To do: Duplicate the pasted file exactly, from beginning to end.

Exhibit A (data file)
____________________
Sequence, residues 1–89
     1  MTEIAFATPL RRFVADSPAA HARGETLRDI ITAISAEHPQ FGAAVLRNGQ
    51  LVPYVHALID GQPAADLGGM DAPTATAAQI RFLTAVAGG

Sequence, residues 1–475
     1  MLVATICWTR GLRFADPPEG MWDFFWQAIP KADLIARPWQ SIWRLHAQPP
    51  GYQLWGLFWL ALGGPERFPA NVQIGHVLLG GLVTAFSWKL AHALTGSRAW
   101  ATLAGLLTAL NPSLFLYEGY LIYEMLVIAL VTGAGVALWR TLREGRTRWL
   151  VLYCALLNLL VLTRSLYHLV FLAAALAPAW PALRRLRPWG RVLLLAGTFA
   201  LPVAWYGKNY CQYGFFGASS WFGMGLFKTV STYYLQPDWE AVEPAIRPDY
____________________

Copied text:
Sequence, residues 1–89
     1  MTEIAFATPL RRFVADSPAA HARGETLRDI ITAISAEHPQ FGAAVLRNGQ
    51  LVPYVHALID GQPAADLGGM DAPTATAAQI RFLTAVAGG

Sequence, residues 1–475
     1  MLVATICWTR GLRFADPPEG MWDFFWQAIP KADLIARPWQ SIWRLHAQPP
    51  GYQLWGLFWL ALGGPERFPA NVQIGHVLLG GLVTAFSWKL AHALTGSRAW
   101  ATLAGLLTAL NPSLFLYEGY LIYEMLVIAL VTGAGVALWR TLREGRTRWL
   151  VLYCALLNLL VLTRSLYHLV FLAAALAPAW PALRRLRPWG RVLLLAGTFA
   201  LPVAWYGKNY CQYGFFGASS WFGMGLFKTV STYYLQPDWE AVEPAIRPDY